As the name implies, Cyborg fuses instrumental, found and electronic sound sources in its 8.4GB soundbank, which is fronted by a scripted Kontakt/Player engine.
Produced by Funk/Soul Productions, it boasts 147 individual instrument presets and 144 multis, the former divided into five categories: Drones & Atmospheres, Drums & Percussion, Guitars & Basses, Keyboards & Misc and Cinematic FX.
Most of the patches are regular polyphonic instruments, but there are also quite a few 'menu' presets in there, too, mapping sets of loops across the active keyboard range, particularly in the Drums & Percussion folder.
A huge range of sonic flavours are represented throughout, from screaming guitars, beefy basses and high impact drums, to evocative pads, energetic risers and haunting pianos, and the processing and hybridisation of sound sources is brilliantly done.
Sadly, the same two issues we had with previous Funk/Soul instruments don't seem to have been properly addressed.
First, the application of multisampling ranges from non-existent to rudimentary, with most presets having only one velocity layer but at least comprising separate samples for each note (generally over two or three octaves), some just involving a single sample, and hardly any using multiple velocity layers.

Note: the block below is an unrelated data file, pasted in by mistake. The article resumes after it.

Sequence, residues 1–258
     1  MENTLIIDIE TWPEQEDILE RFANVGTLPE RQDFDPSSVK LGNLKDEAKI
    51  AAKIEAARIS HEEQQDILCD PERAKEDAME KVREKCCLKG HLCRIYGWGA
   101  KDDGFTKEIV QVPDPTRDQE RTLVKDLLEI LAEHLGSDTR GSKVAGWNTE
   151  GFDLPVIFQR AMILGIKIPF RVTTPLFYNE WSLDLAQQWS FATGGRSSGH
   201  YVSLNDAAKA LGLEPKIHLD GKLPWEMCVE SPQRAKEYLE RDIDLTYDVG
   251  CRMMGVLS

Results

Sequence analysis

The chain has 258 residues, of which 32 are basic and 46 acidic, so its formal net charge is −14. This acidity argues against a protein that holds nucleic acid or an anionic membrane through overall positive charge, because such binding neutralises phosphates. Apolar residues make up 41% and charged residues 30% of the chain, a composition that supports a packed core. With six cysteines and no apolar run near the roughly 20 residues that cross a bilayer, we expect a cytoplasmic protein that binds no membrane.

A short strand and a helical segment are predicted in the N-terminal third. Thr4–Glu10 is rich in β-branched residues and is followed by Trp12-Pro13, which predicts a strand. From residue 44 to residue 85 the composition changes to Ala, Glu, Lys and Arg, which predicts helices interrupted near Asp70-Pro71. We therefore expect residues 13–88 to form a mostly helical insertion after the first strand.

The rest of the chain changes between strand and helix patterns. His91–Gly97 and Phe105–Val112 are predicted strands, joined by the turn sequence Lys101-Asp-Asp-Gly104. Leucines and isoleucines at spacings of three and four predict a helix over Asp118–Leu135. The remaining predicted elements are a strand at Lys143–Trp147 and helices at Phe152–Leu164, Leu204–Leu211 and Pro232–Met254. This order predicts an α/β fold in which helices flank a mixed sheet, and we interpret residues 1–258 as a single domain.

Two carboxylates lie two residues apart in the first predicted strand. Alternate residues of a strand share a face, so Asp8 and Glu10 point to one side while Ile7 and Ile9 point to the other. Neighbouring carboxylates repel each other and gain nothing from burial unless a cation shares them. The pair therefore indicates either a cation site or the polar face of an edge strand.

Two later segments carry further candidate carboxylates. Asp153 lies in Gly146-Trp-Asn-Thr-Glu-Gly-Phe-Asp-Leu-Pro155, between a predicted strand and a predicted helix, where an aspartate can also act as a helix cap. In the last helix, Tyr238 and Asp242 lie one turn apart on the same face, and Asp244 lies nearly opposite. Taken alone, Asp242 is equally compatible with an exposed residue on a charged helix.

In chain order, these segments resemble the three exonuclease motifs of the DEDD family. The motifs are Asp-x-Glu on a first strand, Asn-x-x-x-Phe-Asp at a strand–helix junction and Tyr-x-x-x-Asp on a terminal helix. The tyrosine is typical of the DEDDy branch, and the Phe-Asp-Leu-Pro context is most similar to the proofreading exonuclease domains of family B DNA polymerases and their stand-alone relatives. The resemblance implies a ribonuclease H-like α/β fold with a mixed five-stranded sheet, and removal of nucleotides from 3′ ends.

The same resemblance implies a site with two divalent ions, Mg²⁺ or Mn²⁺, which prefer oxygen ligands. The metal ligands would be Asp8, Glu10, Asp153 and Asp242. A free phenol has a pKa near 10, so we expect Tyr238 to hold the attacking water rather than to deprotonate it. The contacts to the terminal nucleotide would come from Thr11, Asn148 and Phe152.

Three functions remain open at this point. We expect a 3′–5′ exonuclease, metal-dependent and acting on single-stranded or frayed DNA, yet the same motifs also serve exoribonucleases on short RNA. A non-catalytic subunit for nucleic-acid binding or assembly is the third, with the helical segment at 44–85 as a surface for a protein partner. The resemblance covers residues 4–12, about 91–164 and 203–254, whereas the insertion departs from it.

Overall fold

The harder, edgier sounds, by their nature, don't suffer too much for this, but some of the more expressive ones certainly do. Velocity modulation of the filter could have helped with this, perhaps, but that brings us onto our second criticism...
We made no secret of our disappointment in the very limited interfaces of Zodiac and Ambient Black/White in the aforementioned reviews, and while the situation has improved a bit, this is still one of the most basic scripts around.
All you get to work with are depth-only Distortion, LoFi and Limiter effects, a convolution reverb with ten IRs, a multimode filter, a simple feedback delay, an ADSR amp envelope, and Bass and Treble controls. Yawn.
Over two years after the release of the original Zodiac, these shortcomings are starting to grate a little, and although the instruments and multis at the heart of Cyborg are quite spectacular, we'd call it expensive for what it is.